Good solution! I am using that in a couple of places and that helps. More I am trying to avoid a mix of EventWaitHandles and delegate/event handlers. I think this is a bit "messy" looking. But with schedule tight sometimes you just have to do what you have to do
OK, I cannot get my head around the whether there is a difference between the 'classic' (perhaps long winded) way of doing it, multiple classes and the 'new' Yield route to (apparently) the same end.
I can understand the classic route (I think), see the code below.
Yield confuses the heck out of me, if I understand it correctly then it's absolutely genius, I get the idea of a state machine (I think) and logically it sort of makes sense but I am not at all confident.
Can it possibly be this simple? You just make that one method as simple or complex as necessary for your situation? (Warning, silly example since arrays can already be enumerated, but it's easy to demo)
Private _Thing AsDouble()
Public Iterator Function GetEnumerator() As IEnumerator Implements IEnumerable.GetEnumerator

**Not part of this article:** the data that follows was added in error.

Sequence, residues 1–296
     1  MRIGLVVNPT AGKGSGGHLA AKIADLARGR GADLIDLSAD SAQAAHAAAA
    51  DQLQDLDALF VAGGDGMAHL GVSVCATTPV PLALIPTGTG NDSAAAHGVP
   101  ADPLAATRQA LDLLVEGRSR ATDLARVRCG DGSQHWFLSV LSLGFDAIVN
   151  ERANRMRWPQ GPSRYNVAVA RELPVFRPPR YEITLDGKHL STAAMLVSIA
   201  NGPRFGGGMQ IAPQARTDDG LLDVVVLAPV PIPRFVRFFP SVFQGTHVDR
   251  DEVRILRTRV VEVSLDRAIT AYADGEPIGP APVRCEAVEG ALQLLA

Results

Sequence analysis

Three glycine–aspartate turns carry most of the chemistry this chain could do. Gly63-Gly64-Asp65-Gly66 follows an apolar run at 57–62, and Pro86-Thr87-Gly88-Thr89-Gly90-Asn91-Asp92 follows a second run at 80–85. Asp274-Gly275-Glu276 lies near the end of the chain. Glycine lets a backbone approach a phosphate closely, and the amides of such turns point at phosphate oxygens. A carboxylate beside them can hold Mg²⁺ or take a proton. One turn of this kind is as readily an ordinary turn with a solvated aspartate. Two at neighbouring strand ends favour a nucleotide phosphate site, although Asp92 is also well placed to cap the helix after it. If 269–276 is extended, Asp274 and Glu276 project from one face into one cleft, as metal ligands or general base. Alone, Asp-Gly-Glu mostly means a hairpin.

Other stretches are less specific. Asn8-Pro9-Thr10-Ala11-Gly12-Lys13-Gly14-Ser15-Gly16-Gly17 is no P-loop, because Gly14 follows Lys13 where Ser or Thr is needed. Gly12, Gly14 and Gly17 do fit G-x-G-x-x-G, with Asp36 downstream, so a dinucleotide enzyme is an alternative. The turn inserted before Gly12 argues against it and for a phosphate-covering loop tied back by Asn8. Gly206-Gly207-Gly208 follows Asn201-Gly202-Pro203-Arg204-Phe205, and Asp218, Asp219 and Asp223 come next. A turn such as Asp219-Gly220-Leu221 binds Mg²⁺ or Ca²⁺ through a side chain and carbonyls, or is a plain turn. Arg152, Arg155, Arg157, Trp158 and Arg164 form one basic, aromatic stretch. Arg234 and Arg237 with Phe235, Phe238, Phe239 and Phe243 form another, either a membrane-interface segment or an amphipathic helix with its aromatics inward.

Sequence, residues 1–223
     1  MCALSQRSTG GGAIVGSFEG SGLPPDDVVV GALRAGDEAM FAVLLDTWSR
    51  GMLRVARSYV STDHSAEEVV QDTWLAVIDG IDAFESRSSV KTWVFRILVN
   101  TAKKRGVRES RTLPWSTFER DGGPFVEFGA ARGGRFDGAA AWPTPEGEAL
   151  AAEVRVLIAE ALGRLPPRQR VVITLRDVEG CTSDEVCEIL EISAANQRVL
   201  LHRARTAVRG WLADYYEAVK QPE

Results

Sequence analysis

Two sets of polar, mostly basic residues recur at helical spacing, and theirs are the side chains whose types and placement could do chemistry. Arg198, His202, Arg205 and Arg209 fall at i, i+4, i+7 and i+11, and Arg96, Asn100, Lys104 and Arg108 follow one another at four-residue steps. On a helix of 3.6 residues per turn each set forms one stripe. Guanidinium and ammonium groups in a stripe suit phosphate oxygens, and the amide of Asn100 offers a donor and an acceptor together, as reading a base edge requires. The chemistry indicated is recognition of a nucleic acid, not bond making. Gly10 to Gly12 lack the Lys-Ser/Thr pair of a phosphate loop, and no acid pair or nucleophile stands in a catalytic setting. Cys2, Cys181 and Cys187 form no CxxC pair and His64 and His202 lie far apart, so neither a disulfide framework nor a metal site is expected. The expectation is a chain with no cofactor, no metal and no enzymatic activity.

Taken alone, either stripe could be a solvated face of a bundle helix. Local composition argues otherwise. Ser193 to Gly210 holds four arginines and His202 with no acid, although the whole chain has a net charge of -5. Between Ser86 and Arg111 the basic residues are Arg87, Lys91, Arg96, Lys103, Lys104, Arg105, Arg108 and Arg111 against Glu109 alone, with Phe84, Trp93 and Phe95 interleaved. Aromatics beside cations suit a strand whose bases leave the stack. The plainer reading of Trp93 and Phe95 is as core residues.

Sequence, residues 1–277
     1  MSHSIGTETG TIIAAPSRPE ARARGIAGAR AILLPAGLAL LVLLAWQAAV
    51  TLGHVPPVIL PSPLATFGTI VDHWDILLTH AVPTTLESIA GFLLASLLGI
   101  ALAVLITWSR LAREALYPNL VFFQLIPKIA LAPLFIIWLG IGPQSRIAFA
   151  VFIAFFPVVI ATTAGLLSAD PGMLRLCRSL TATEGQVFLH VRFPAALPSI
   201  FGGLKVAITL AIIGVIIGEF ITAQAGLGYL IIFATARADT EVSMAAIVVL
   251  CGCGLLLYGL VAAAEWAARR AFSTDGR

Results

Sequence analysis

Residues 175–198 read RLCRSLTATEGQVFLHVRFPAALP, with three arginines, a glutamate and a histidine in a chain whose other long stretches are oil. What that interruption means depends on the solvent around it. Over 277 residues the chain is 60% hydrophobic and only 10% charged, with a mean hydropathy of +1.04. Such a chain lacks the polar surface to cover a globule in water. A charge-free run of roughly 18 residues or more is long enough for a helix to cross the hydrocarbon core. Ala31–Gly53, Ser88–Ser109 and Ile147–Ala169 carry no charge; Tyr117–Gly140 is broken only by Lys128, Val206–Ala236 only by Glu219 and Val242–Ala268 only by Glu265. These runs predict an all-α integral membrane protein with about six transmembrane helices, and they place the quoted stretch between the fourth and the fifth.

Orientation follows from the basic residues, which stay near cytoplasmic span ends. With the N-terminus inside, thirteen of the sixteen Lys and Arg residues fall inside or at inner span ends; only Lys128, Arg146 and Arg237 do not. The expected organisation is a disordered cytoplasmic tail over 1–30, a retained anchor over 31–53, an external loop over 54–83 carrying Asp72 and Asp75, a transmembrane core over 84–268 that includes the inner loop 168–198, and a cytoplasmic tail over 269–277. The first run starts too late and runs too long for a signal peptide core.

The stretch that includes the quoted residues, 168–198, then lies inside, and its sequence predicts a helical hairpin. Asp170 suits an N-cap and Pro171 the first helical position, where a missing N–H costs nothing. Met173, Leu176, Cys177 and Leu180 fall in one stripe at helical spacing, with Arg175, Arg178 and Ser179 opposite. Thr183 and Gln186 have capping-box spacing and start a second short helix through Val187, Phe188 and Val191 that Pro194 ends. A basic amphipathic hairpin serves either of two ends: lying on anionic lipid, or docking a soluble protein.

If IsNothing(Me._Thing) ThenThrowNew InvalidOperationException()
EndIfFor Index AsInteger = 0ToMe._Thing.GetUpperBound(0)
What I understand to be the 'old way'.
Private _Thing AsDouble()
PublicFunction GetEnumerator() As IEnumerator(OfDouble) Implements IEnumerable(OfDouble).GetEnumerator
EndFunctionPublicFunction GetEnumerator1() As IEnumerator Implements IEnumerable.GetEnumerator
Private _Thing AsDouble()
Private _Index AsIntegerPrivate _curItem AsDoublePublicSubNew(ByVal Thing AsDouble())
Me._Thing = Thing
Me._Index = -1
Me._curItem = NothingEndSubPublicReadOnlyProperty Current AsDoubleImplements IEnumerator(OfDouble).Current
GetIf IsNothing(Me._curItem) ThenThrowNew InvalidOperationException()
EndGetEndPropertyPublicReadOnlyProperty Current1 AsObjectImplements IEnumerator.Current
EndGetEndPropertyPublicFunction MoveNext() AsBooleanImplements IEnumerator.MoveNext
'If we are already at the end then return falseIfMe._Index = Me._Thing.GetUpperBound(0) ThenReturnFalseEndIf'Otherwise move to the next position in the arrayMe._Index += 1Me._curItem = Me._Thing(Me._Index)
ReturnTrueEndFunctionPublicSub Reset() Implements IEnumerator.Reset